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Re: Probiotics and body temperature
The horse I ride is one of the
> these three, and I noticed that he has a chronically depressed body
> temperature (don't know about the other two).
> This got me wondering if horses with normally high or low body temperatures
> are not able to maintain a good level of gut flora, knowing that bacteria can
> be very sensitive to temperatures.
Off the top of my head, there probably isn't alot of relationship
between the two, as core temperatures (as would be present in the cecum
and colon, where the gut flora are) is going to have to be within pretty
close temperature ranges---if they were'nt, there would be far greater
effects on other components of metabolism, like enzymes. But, it's an
There are other things that can possibly explain differences in body
temp, like the amount of forage the horse is eating, type of grain,
etc. Fiber is less digestible and creates more waste heat (which then
must be thrown off by the body) than more digestible feeds like grain,
fats or soluble fibers like beet pulp.
> Then I opened the latest KV Vet Supply catalog to order a new supply of
> Fastrack, and find it now listed under Livestock, rather than Equine supplies,
> and the description says it improves the appetite of cats and dogs as well as
> I thought gut flora were pretty much species-specific. Is it possible that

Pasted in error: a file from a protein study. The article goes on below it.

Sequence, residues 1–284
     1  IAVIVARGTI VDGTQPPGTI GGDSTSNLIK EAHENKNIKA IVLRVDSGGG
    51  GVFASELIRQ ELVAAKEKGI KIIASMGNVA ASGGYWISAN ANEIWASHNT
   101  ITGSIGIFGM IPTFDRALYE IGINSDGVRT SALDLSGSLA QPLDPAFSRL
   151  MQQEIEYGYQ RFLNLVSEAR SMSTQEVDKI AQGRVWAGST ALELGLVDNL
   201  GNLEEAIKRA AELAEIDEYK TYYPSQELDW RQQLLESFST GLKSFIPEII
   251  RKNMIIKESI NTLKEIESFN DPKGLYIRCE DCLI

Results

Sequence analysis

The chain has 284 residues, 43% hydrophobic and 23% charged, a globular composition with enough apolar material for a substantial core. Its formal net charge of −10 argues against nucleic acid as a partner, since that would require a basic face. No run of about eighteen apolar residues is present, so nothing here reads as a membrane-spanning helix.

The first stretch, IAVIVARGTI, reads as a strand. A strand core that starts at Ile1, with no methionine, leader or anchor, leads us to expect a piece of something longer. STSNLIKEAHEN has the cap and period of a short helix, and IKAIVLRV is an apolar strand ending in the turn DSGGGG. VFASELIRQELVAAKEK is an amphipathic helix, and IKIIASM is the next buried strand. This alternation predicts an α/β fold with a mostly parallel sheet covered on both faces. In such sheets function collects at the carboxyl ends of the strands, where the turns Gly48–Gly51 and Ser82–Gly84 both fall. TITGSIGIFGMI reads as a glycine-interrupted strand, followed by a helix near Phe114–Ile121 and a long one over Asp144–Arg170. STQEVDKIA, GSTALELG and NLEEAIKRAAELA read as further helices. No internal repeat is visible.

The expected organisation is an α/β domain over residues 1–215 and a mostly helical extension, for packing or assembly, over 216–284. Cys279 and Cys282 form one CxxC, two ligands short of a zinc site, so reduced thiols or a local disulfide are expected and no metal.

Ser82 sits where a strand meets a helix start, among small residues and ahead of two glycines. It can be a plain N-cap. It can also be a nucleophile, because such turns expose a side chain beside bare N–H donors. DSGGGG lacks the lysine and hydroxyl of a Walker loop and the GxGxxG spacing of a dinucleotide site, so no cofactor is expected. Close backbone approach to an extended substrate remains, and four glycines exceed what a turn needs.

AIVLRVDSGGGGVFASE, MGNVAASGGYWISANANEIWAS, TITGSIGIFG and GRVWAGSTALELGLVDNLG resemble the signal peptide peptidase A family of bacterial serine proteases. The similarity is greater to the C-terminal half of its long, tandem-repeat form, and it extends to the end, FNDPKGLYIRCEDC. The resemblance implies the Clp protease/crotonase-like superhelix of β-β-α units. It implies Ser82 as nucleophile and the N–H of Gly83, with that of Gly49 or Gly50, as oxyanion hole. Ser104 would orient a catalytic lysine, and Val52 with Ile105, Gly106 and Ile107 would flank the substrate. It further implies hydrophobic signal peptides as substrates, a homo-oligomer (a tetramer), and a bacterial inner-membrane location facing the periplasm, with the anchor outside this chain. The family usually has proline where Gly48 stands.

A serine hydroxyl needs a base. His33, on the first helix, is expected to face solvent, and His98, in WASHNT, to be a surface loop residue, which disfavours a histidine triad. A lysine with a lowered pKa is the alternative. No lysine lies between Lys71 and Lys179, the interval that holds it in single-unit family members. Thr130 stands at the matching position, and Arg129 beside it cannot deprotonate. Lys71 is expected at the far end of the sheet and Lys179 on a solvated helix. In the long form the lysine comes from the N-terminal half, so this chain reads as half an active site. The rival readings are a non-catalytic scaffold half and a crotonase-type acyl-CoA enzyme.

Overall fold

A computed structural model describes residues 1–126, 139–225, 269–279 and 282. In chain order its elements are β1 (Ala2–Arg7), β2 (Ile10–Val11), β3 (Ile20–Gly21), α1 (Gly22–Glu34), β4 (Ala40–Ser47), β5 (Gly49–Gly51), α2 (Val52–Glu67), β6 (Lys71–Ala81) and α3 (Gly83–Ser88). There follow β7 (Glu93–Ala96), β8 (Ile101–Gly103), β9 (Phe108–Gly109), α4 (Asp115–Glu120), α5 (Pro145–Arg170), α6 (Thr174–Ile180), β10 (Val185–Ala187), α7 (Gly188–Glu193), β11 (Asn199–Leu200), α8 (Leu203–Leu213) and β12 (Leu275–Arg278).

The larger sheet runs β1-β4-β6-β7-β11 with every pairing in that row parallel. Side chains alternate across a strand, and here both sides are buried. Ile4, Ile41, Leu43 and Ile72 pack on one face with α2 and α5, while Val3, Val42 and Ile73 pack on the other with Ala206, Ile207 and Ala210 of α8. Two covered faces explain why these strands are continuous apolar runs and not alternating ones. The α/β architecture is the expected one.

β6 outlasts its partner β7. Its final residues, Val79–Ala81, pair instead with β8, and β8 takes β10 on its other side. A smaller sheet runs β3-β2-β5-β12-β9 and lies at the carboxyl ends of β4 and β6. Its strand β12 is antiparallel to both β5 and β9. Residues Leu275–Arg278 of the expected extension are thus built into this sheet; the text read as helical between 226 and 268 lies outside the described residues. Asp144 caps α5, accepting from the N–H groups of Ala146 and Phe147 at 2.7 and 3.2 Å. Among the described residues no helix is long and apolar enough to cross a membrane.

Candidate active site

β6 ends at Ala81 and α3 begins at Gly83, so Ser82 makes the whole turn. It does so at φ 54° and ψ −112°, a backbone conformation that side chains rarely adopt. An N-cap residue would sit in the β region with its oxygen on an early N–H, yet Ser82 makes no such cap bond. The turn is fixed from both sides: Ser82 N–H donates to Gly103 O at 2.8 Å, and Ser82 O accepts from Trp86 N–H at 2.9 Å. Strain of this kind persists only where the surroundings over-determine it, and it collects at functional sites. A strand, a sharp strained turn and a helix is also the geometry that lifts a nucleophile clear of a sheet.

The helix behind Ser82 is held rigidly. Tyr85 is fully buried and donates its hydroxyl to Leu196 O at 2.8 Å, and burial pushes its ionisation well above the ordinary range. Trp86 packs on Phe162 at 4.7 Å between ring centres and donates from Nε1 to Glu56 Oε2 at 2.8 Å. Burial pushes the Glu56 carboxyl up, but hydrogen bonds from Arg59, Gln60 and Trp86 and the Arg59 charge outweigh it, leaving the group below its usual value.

> the same flora benefit humans (Fastrack contains Lactobacillus acidophilis),
> cats, dogs, and horses?
Some species of bugs are species specific, some are not. Lactobacillus
acidophilus, for example, happily establishes in almost any species that
eats soluble carbohydrates, which is why live-culture yogurt is good
stuff for almost anyone.
> I would be interested in (1) any comments on why horses might need probiotic
> supplementation (why they would be deficient in the first place),
As you mentioned above, gut flora are sensitive to temperature; and also
very sensitive to pH. When a horse is stressed, one or both may change,
and some of the gut flora population will die off. Antibiotics, worming
medicines and other drugs can also affect the bugs, or changes in the
ration. For example, some species thrive on the soluble carbohydrates
in grain---if a horse gets an unexpected large meal of grain, the
carbo-loving species multiply very rapidly. Alot of those same species
secrete lactic acid, so the pH of the cecum becomes more acidic. If it
becomes too acidic for some pH-sensitive species to tolerate, they die.
That will do possibly two things; 1) the gut flora population becomes
unbalanced as the lactic-acid-producing species crowds out other
species, and 2) some of the now-dying-off species secrete a second
substance called endotoxins as they die. Theses are absorbed through
the intestine, damage the mucosal lining of the gut and can cause
So the whole idea of probiotics is to continually re-seed the gut with
fresh supplies of microbial species to keep the population flourishing
and somewhat balanced, or at least not consisting exclusively of just a
few species. That's also why I personally prefer probiotics that
provide more than just the Lactobacillus species.
> BTW, the three horses on Fastrack DID hold their weight better this fall as
> the pasture grass depleted.
Good. Glad to hear it.
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